A recent discovery of a protein pathway by Moffitt Cancer Center researchers may lead to more of an understanding of how lung cancer cells metastasize.

Scientists from Moffitt reported in the Jan. 19 online edition of Cancer Research that nicotine induces the metastatic spread of lung cancer cells by stimulating a protein called beta-arrestin-1. Activation of beta-arrestin-1 causes lung cancer cells to produce proteins associated with increased motility and invasion. These proteins cause the cells to change their shape and become more motile, allowing them to move to different sites.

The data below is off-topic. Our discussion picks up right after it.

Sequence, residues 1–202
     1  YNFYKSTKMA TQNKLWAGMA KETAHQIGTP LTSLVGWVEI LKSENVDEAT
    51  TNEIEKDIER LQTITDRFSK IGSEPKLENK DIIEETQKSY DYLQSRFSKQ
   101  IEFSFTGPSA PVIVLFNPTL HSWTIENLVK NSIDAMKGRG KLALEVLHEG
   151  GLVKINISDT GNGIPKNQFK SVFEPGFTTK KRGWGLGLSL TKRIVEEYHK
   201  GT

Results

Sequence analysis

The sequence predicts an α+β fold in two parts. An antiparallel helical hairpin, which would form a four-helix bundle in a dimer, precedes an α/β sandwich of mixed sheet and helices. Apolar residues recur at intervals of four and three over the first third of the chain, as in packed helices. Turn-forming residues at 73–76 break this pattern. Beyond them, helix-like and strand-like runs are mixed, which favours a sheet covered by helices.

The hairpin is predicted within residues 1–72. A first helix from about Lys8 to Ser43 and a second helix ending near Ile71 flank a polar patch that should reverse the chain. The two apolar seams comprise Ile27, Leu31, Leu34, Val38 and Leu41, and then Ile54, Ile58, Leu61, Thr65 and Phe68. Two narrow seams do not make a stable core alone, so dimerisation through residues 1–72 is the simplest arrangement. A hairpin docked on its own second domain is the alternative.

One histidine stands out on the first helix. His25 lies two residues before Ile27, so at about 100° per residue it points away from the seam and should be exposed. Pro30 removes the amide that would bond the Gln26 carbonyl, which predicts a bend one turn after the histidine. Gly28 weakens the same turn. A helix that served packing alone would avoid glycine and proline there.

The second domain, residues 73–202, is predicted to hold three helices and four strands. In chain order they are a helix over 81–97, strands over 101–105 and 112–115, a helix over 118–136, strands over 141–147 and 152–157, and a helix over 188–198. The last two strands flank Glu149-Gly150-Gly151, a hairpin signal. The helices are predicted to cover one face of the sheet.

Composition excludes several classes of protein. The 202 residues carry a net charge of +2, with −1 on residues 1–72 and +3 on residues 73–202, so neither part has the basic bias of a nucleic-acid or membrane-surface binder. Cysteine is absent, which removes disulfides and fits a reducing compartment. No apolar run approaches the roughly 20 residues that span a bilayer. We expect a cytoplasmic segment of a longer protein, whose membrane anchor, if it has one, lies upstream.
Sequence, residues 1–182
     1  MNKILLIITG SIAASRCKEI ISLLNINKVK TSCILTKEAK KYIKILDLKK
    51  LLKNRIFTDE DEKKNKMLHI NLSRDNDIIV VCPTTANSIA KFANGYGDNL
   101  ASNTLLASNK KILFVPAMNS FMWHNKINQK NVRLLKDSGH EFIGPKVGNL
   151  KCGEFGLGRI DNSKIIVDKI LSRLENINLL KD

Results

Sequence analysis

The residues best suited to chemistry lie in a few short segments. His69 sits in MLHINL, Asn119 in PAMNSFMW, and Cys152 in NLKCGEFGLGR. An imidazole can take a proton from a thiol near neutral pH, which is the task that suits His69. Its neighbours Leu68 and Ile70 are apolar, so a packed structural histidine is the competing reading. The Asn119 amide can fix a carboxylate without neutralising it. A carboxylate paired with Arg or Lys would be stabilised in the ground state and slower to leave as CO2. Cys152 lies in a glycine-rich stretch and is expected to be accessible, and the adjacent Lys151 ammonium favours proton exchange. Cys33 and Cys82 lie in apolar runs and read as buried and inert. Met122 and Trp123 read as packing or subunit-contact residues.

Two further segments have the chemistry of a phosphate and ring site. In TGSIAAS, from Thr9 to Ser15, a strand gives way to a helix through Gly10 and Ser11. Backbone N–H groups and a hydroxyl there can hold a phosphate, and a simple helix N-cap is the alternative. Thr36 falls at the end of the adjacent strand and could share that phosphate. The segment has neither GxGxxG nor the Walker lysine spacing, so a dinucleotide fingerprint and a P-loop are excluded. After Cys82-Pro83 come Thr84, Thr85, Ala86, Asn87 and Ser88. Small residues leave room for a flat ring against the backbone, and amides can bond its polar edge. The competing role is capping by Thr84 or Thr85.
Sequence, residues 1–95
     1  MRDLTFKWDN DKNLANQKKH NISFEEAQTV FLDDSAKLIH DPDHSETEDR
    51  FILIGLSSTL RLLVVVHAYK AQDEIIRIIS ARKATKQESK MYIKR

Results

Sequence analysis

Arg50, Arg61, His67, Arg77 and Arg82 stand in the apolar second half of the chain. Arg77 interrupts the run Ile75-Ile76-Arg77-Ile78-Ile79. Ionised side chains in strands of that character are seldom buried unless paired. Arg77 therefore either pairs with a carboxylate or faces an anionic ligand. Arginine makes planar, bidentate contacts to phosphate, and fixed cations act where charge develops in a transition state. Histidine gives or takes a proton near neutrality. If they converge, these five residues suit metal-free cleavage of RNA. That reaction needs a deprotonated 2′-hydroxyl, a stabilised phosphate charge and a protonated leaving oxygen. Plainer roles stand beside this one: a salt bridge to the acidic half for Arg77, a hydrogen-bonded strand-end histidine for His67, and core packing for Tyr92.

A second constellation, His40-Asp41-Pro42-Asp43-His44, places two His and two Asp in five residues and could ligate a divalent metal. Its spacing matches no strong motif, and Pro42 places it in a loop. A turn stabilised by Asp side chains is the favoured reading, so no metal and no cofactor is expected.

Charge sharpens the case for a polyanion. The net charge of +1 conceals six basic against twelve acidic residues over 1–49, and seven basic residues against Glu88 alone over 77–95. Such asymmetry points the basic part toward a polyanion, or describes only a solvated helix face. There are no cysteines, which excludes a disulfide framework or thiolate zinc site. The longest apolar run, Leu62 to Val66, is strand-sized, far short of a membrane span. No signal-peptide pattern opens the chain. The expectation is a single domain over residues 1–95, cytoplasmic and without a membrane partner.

The researchers wanted to further investigate the mechanisms of how beta-arrestin-1 causes cell invasion.